I've seen several posts about how the math behind diabetes should be perfect, or that it is difficult to manage even though we know so much about it as patients. I came across an article recently that, although the participants were all type 2 diabetics, might generalize to type 1's. Researchers measured lots of demographic information (age, gender, occupation, etc.), and found no relationship between any of these variables to adherence (doing what you are supposed to) or glycemic control (your blood sugar levels). They also found that even when participants could give facts about diabetes (eating sugar raises blood sugar), they could not necessarily transfer that knowledge to an application (you just did X, Y, and Z, how do you control your sugar?). Interestingly, while some things were related to increased adherence, the only variable related to improved blood sugars was the ability to detect problems (using more ways to identify irregular blood sugars).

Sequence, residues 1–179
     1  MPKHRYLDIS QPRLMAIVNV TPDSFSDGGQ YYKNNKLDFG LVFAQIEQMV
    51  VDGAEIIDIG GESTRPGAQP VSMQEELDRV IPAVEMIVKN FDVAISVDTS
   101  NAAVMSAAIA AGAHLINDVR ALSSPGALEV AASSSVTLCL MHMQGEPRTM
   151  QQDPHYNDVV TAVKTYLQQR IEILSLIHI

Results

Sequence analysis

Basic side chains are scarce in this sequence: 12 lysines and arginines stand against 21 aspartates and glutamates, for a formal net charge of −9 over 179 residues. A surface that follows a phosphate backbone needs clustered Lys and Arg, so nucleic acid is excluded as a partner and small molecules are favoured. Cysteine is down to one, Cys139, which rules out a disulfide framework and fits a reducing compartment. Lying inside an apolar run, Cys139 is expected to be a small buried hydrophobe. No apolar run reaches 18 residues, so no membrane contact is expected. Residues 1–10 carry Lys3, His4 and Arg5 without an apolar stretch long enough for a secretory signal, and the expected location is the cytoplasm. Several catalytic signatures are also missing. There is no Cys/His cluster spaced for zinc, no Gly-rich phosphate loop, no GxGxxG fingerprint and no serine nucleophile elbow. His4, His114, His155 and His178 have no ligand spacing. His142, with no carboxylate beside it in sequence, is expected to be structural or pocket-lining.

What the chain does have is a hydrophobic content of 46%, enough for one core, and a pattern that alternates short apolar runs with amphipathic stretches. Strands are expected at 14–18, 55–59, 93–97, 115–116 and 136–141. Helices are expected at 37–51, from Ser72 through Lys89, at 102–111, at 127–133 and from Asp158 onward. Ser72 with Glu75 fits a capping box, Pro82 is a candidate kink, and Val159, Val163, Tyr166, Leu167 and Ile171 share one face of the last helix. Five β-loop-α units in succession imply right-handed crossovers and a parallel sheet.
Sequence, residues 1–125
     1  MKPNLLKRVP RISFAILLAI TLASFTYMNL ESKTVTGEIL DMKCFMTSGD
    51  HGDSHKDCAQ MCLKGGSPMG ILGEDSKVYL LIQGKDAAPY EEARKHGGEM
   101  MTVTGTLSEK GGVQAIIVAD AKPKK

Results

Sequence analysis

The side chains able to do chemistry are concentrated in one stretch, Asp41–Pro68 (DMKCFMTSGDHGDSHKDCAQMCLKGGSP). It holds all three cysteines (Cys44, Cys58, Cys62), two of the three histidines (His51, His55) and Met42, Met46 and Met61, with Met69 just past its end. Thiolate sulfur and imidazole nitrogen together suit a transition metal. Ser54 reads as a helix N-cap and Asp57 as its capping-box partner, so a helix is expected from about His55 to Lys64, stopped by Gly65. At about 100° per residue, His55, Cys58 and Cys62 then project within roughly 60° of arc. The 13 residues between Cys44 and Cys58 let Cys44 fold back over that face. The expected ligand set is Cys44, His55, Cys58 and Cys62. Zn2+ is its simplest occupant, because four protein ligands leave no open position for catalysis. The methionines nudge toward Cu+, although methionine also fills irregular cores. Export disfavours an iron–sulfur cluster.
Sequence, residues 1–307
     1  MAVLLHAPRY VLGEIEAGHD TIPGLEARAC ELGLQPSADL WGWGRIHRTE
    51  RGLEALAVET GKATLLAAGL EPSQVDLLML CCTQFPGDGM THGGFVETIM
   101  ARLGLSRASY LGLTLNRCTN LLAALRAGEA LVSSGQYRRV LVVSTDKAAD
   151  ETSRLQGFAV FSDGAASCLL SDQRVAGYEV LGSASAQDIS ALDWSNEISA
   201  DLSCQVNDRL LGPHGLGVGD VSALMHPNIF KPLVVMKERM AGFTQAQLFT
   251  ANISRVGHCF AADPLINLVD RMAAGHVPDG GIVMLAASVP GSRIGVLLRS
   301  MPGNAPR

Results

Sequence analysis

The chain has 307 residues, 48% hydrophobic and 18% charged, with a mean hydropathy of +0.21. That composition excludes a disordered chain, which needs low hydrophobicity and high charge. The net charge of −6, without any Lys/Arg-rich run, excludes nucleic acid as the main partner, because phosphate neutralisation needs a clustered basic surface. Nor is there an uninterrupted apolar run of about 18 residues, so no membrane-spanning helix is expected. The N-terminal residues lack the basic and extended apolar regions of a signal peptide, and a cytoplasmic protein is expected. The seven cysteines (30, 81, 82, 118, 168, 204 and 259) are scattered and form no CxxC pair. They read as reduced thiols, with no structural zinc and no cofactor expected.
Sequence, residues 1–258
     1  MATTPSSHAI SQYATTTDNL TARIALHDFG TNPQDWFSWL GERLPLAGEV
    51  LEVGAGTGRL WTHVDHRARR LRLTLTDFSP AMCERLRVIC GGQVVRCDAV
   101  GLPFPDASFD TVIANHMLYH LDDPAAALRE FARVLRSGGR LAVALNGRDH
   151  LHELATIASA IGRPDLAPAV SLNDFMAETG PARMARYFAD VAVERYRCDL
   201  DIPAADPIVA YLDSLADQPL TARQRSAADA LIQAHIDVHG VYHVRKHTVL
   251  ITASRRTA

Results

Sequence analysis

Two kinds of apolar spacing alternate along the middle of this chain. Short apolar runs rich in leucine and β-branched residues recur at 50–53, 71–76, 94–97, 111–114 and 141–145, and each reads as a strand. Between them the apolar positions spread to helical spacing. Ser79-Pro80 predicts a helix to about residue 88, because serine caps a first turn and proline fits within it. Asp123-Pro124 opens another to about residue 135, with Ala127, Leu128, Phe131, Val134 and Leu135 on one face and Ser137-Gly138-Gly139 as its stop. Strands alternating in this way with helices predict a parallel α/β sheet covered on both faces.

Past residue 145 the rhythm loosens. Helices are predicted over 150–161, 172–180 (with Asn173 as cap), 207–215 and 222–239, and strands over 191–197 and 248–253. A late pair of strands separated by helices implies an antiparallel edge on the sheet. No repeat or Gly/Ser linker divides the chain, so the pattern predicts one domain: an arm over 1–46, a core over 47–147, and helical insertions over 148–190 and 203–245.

This adds support to the common belief that some people have an easier time managing their diabetes even if they do not apply themselves as rigorously. It also suggests focusing on detecting irregular bg might be the best way to improve control. Perhaps most interesting (because this is relevant to my field), the method used by researchers was similar to methods used with field experts such as air traffic controllers, nuclear power plant operators, software experts, or fighter pilots, suggesting that treating/training diabetics in a similar manner may improve control. If anyone can access the article, check it out:
Lippa, K. D., Klein, H. A., & Shalin, V. L. (2008). Everyday expertise: Cognitive demands in diabetes self-management. Human Factors, 50(1), 112-120.